Music by Laura Kaminsky
Libretto by Mark Campbell & Kimberly Reed
Film by Kimberly Reed
With humor and empathy, As One chronicles Hannah’s inner journey as she endeavors to resolve the discord between herself and the outside world. Two singers, a baritone and a mezzo-soprano, share the part of the sole transgender protagonist Hannah in this most produced contemporary opera in the world. The three scenes trace Hannah’s struggle to measure up to expectations, her search for her identity, and finally making peace with herself and the world around her.
Sung in English
Friday, April 12 8pm
Sunday, April 14 2pm
Tuesday, April 16 1:30pm
Thursday, April 18 8pm
Friday, April 19 8pm
Warning – the following contains spoilers about the plot
In “Paper route,” Hannah rides around her suburban neighborhood delivering newspapers and revels in her more feminine impulses. Her youthful challenges in conforming to gender norms are related in “Cursive,” “Sex ed,” “Entire of itself ” and “Perfect boy”—in such disparate subjects as handwriting, sex, a John Donne poem, and exemplary male behavior. However, in “To know,” she discovers that she is not alone in the world and seeks understanding about herself at a local library.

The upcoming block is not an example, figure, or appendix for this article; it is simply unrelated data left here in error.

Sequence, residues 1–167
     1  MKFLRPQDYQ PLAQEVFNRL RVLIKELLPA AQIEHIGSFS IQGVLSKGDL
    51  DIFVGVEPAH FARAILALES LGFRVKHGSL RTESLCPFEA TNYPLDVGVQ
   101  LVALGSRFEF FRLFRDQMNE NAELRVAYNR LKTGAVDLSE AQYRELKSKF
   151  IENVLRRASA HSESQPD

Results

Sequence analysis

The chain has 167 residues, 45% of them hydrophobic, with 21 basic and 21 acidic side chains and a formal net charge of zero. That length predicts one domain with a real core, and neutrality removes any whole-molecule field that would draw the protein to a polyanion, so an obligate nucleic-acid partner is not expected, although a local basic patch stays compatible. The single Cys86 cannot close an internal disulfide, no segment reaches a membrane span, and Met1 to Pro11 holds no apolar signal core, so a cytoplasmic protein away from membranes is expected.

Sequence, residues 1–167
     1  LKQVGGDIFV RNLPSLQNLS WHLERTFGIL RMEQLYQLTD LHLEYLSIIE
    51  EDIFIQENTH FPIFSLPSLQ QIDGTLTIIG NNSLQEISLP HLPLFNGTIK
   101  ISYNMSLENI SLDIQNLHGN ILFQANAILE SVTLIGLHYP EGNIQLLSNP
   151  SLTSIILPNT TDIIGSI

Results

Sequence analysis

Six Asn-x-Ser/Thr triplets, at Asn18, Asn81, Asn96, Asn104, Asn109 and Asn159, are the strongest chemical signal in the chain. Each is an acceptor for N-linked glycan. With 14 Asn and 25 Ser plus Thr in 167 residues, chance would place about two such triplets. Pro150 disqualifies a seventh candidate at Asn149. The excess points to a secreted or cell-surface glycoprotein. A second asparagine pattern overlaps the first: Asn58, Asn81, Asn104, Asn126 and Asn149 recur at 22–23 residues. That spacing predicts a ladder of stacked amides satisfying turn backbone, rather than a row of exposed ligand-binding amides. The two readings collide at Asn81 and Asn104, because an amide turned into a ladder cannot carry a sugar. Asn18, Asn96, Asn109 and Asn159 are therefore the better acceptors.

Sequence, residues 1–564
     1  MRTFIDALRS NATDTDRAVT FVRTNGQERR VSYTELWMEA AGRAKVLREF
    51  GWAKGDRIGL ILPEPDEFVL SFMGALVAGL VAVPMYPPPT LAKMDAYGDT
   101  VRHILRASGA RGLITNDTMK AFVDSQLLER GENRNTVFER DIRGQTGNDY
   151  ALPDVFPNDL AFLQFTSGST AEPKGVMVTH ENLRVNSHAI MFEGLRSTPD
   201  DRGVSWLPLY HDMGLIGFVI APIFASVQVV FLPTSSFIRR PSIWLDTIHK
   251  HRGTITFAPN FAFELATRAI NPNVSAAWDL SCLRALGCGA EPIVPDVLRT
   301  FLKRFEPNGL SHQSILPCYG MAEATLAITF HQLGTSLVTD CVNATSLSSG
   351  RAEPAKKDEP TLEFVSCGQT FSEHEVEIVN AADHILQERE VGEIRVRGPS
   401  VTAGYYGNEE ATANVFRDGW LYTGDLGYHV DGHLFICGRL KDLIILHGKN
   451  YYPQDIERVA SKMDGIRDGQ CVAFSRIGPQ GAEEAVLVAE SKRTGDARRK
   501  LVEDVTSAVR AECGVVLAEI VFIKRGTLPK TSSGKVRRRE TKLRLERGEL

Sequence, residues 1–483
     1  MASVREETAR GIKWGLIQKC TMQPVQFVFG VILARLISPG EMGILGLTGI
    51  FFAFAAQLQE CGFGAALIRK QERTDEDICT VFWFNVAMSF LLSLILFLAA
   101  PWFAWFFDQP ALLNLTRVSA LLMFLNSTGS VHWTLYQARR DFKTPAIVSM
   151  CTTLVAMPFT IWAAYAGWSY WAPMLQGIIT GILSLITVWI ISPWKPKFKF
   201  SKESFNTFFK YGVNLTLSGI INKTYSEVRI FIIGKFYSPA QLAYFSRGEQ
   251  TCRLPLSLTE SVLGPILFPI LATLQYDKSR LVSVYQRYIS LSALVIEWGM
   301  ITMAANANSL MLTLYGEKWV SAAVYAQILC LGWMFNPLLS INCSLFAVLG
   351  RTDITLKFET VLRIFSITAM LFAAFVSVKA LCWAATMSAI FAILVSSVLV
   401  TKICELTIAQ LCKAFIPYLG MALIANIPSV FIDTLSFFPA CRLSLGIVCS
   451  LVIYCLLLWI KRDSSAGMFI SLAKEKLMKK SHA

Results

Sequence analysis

During her college years, Hannah struggles with her divided existence in “Two cities,” but also encounters the joy of being perceived as she wishes in “Three words.” In “Close,” she has made the decision to undergo hormone therapy and briefly suffers its vertiginous effects before feeling at one with her own body. “Home for the holidays,” “A Christmas story” and “Dear son” all occur around the Christmas season and relate Hannah’s growing distance to her family and her past, which is countered by an immediate connection with a stranger in a local café. In “Out of nowhere,” Hannah escapes a harrowing assault that prompts her to find a link to the larger community and end her self-imposed alienation. Reacting to the conflicting voices in her head, she finally resolves to escape in the fragment, “I go on to…”
“Norway.” In this extended aria, Hannah finds, in nature, solitude, and self-reflection, the simple yet surprising equation that will help her achieve happiness.